offers general education courses commonly taken in the first two years of college as well as professional development and continuing education courses.
Upon successful completion of the course, students will be able to: understand the purpose of accounting, generally accepted accounting principles, ethical accounting and technology in accounting; interpret balance sheets, income statements and cash flow statements, and understand how to prepare different financial statements and the auditing process; discover debits, credits, journal entries, the trial balance and how to determine a company's performance based on financial statement ratios; explain internal controls, safeguards and bank reconciliation; study accounts receivable, revenue recognition, the allowance method, notes receivable and disposing of receivables; define long-term operating assets, plant assets, the cost principle, acquisition of property, computing depreciation, natural resource assets and accounting for intangible assets; breakdown loans, equity investments, raising equity financing, corporations, stockholder's equity, common and preferred stock, accounting for stock and retained earnings; and distinguish the purpose and elements of financial statement analysis, standards for comparison, horizontal analysis, vertical analysis and financial ratio analysis.
Topics include: Marketing Philosophies and Ethics; Competitive Advantage; The Marketing Environment; International Marketplace; Consumer Decision Making; Business Marketing and Marketing Research; Segmentation and Product Marketing; Managing a Product and Retailing; Services Marketing, Marketing Channels & Supply Chain Management; Promotion, Advertising and Public Relations; Selling and Pricing Strategy.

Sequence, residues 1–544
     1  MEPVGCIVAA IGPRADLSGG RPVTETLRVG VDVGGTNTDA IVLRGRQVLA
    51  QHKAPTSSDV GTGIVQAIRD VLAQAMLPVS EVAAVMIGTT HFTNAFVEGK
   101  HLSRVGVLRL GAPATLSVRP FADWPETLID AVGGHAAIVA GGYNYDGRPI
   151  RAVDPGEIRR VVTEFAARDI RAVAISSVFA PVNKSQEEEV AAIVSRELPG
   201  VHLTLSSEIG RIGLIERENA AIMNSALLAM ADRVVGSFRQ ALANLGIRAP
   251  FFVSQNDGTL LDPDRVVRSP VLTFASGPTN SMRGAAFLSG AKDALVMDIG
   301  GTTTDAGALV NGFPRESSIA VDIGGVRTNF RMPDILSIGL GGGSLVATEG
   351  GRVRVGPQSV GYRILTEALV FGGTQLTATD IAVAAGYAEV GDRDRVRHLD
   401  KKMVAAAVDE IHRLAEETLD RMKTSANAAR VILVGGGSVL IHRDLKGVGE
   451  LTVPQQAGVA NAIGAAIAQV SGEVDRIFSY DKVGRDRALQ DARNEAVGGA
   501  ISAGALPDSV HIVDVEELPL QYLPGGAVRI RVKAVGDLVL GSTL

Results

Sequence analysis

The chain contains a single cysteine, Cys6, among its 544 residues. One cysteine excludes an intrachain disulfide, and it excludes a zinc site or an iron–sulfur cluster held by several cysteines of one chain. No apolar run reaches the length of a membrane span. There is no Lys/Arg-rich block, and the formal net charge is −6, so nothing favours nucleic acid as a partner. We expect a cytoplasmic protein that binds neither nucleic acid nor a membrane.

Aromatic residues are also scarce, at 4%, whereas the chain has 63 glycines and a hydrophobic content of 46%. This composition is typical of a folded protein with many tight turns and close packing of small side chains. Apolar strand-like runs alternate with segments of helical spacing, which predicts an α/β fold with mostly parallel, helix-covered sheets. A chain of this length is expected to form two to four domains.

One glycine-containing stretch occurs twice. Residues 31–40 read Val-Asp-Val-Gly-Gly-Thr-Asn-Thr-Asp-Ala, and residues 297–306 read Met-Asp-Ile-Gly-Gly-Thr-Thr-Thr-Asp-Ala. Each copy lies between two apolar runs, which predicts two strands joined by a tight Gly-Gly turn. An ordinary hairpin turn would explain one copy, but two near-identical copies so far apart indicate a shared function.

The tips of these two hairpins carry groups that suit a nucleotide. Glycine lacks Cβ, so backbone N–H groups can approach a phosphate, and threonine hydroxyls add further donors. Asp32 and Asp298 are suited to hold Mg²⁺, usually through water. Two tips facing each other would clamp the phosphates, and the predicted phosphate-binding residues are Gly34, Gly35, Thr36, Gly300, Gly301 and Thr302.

Upon successful completion of this course, students will be able to: investigate how American law began, the Constitution, Bill of Rights, and the branches of government; compare and contrast the legal systems in the U.
Upon successful completion of the course, students will be able to: outline the history and appraise current state of the field of organizational behavior; compare and contrast how employees' attitudes affect an organization, including the impact of job satisfaction and absenteeism; categorize different types of diversity in the workplace and assess the effect diversity has on an organization; summarize the styles of communication used in different organizations; identify and distinguish the types of conflict and conflict resolution in the workplace; differentiate between the different types of organizations, including centralized and mechanistic; assess the effect of organizational culture on the workplace; evaluate factors that cause organizational change; and diagram and explain the process of career development.